Extent of fire damage in Rocky Mountain National Park grows clearer
The East Troublesome Fire has burned more then 33 square miles in Rocky Mountain National Park, but the Holzwarth Historic Site has remained untouched.
Of the 192,574 acres burned by the East Troublesome Fire, 21,307 acres have burned in Rocky. The Cameron Peak Fire has burned an additional 7,485 acres of the 265,769-acre national park.
Rocky officials said that there appears to be some structure loss on the west side of the part, but initial assessment indicates that it is minimal. Spokesperson Kyle Patterson said the park plans to release more information on lost structures later this week.
Patterson also confirmed that the Holzwarth Historic Site has not been burned. The fire was still a mile south of the access road to Holzwarth when the weather changed Saturday.
On Monday, the trailhead at Adams Falls outside Grand Lake did not appear to be affected.
The extent of the ecological damage to the park is not yet known. Patterson said that the park would be pulling together a Burn Area Emergency Response team to answer that question once things are more stable.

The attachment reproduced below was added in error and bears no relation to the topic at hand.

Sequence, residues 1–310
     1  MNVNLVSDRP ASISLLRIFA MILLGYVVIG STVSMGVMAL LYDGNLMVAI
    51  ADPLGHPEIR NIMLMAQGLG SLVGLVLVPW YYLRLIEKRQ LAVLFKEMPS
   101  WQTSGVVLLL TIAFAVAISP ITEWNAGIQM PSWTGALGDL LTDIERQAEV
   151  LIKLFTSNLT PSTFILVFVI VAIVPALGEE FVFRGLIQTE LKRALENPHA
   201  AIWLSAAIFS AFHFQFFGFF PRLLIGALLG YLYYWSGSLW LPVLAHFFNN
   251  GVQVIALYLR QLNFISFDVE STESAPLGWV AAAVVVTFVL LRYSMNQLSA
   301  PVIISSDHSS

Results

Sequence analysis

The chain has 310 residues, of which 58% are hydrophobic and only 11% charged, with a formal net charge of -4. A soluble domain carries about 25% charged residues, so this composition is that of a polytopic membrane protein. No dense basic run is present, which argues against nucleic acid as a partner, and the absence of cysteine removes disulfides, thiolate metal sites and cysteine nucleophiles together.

On the west side of the park known as the Grand Zone, resources were focused on life and safety priorities along with ongoing evacuations Thursday. Numerous trees were down on the west side of Trail Ridge Road, north of the Green Mountain Trailhead, blocking that area as a means to evacuate late on Oct. 20 when the fire exploded by 100,000 acres.
Resources have been assigned to the Holzwarth Historic Site area of the Kawuneeche Valley to begin prep work in the event the fire crosses the access road about one mile south. All of Rocky Mountain National Park remains closed.
Support Local Journalism
Support Local Journalism
The Sky-Hi News strives to deliver powerful stories that spark emotion and focus on the place we live.
Over the past year, contributions from readers like you helped to fund some of our most important reporting, including coverage of the East Troublesome Fire.
If you value local journalism, consider making a contribution to our newsroom in support of the work we do.
Start a dialogue, stay on topic and be civil.
If you don't follow the rules, your comment may be deleted.
User Legend: Moderator Trusted User
While the nights might be shorter, the warm days bleed into those evenings, and many Grand County residents and visitors might enjoy spending the waning hours of their waking hours gazing up at the night…